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Amalthea - moon full of holes - data from Galileo's last mission

Avi Blizovsky

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Amalthea, Jupiter's moon, was visited by the Galileo spacecraft about a month ago. This moon is full of holes and has a surprisingly low density, says Dr. John Anderson of NASA's Jet Propulsion Laboratory (JPL) in California. "Amalthea looks more like a loose pack of rocks."

The space between the fragments of rock and ice appears to occupy more of the moon's volume than the solid components. The solid materials in it also do not fit some of the theories about Jupiter's moons.
Dr. Torrance Johnson, the chief scientist on the Galileo project says that Amalthea appears to be made mostly of light rock and little ice rather than a compact mass of ice and rocks. The diameter of the moon Amalthea is about 270 kilometers in the wide area and less than that in the narrow area.
Its mass, as estimated from the effect of its gravity on the Galileo spacecraft, 160 miles away on November 5, is much smaller than previously predicted. Its density is very close to the density of ice, said Dr. Anderson.

Amalthea, Jupiter's inner moon appears to have been heavily bombarded and disintegrated. From its irregular shape it appears that it has previously broken up into small parts and now these parts are reuniting by their united gravity. In between there are spaces where the parts did not fit. "There are several large rocks that seem to barely touch each other.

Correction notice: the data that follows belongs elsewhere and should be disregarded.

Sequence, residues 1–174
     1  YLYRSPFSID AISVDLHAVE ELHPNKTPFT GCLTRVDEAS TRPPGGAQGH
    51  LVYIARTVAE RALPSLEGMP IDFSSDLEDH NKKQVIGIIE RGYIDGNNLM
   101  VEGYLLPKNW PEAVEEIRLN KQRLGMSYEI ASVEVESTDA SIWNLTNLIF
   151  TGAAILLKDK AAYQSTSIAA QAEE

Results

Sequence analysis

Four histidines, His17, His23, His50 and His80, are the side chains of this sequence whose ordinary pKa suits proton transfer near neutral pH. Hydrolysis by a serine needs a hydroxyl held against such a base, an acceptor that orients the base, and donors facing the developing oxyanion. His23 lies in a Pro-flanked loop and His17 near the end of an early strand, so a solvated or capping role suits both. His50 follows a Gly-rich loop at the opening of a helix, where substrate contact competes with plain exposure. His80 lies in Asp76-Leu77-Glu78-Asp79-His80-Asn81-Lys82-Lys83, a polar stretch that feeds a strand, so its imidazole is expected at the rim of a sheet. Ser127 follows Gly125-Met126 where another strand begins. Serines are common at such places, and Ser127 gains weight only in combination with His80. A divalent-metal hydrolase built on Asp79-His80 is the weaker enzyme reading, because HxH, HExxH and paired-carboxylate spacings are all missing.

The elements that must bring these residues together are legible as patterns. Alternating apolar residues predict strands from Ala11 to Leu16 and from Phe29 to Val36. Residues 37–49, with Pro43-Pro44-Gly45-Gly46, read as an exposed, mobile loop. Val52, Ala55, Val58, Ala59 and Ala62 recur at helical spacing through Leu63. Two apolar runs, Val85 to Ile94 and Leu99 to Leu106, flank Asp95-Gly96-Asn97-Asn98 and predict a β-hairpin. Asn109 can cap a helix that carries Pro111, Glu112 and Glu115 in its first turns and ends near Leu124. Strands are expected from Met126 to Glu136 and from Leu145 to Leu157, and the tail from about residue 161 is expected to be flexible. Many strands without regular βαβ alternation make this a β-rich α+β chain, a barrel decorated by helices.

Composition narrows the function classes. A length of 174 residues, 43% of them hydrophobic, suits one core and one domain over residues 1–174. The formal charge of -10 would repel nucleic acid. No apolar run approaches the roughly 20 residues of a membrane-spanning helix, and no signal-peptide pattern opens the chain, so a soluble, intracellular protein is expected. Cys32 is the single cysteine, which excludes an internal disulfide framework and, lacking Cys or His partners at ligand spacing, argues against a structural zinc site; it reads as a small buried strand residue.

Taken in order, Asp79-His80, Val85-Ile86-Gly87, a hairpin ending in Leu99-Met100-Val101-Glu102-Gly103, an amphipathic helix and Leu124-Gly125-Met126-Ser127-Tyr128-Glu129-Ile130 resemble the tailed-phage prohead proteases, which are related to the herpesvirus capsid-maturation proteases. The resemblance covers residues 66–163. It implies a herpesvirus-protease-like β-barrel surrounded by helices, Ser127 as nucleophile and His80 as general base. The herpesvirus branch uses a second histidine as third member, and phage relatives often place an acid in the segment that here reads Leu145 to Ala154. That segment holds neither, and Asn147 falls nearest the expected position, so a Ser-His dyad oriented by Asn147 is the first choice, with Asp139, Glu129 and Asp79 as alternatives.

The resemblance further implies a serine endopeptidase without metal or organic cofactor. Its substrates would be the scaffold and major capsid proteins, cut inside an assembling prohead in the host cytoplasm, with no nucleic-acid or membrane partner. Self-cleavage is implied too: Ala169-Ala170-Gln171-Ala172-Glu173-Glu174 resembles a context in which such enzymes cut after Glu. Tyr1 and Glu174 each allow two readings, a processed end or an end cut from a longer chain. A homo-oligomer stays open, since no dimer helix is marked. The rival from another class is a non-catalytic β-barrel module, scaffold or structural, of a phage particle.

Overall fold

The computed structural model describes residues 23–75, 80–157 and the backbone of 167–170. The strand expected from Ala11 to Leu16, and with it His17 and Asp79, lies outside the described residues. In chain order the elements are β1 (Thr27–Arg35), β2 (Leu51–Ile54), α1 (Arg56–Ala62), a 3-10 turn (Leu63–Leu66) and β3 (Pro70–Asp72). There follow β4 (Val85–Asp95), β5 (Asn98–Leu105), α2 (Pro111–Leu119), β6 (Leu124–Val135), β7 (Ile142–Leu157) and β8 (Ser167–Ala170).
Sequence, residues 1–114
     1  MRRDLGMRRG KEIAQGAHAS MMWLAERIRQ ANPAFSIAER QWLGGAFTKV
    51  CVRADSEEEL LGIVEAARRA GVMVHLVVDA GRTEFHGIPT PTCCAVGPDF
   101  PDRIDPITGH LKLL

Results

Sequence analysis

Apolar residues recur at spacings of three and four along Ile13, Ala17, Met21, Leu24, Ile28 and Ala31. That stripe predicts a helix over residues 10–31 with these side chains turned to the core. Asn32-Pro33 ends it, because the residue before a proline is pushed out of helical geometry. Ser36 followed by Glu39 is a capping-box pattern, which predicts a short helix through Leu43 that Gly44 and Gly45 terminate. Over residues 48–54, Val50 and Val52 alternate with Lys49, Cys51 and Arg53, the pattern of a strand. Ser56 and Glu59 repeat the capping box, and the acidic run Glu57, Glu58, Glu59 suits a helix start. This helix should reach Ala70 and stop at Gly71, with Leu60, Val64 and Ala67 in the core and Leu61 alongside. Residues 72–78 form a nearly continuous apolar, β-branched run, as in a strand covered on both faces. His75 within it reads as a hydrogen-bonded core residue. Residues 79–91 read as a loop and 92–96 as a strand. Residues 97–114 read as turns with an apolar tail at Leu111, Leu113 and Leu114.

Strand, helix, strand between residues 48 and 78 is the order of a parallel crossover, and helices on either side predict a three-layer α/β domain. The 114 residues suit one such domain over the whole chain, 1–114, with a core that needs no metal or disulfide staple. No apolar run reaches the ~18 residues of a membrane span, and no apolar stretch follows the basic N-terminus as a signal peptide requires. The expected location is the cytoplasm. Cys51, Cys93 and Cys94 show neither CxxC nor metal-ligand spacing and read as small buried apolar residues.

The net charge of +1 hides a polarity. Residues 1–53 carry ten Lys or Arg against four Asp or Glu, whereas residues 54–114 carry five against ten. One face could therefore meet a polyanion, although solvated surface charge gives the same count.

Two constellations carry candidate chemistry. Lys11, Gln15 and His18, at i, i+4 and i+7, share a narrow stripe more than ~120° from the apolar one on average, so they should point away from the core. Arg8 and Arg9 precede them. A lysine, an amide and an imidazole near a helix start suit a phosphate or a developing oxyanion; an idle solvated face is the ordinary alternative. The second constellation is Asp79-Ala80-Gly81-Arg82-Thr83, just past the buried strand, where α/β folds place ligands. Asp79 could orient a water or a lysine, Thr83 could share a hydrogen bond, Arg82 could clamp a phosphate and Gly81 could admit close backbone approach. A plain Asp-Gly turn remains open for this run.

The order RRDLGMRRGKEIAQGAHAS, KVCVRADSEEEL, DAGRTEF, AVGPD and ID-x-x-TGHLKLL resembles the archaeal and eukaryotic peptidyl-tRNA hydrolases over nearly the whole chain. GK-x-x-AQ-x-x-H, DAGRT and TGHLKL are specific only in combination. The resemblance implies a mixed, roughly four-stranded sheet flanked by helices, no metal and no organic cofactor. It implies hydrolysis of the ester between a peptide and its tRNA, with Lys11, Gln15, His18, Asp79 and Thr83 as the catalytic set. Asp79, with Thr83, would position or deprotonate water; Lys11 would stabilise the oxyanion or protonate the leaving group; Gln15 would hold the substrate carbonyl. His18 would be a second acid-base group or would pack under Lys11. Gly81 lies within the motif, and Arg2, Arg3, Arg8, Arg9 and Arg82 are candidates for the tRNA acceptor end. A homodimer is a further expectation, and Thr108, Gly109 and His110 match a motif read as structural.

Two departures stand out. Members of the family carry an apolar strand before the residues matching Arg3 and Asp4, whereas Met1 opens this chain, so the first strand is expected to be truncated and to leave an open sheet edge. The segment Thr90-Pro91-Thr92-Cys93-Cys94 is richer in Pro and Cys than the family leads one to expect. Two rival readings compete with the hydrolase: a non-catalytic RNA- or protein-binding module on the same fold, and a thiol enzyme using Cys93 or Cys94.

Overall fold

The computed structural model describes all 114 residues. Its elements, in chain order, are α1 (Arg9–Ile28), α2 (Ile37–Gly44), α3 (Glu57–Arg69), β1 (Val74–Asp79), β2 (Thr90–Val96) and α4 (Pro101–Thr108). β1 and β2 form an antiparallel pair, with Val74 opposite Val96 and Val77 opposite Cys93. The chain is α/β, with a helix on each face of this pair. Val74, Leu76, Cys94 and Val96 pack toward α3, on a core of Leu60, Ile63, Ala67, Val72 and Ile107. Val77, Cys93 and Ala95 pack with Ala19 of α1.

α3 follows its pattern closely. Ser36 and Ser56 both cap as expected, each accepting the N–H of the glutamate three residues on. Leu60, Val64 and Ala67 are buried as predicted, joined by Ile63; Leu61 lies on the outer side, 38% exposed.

Dr. Johnson adds that: "These findings support the idea that the inner moons of Jupiter were bombarded and collapsed. It is possible that Amalthea was originally formed as a single unit, but was disintegrated due to collisions. It also doesn't seem to have enough mass to recombine and become a solid spherical body like Earth's moon or Jupiter's four large moons.

Scientists are surprised that the density is so low that even solid parts of Amalthea appear less dense than Io, a larger moon orbiting Jupiter in an orbit twice as distant as Amalthea's. This is a puzzle because the preferred model for the formation of Jupiter's moons holds that the closer moons are made of denser materials than the more distant ones.
The flyby of Amalthea brought Galileo the closest it has ever been to Jupiter since it began orbiting the planet in 1995. After more than thirty flybys of the four major moons, this flyby was the last of Galileo, which is now on a collision course with Jupiter on September 21, 2003.

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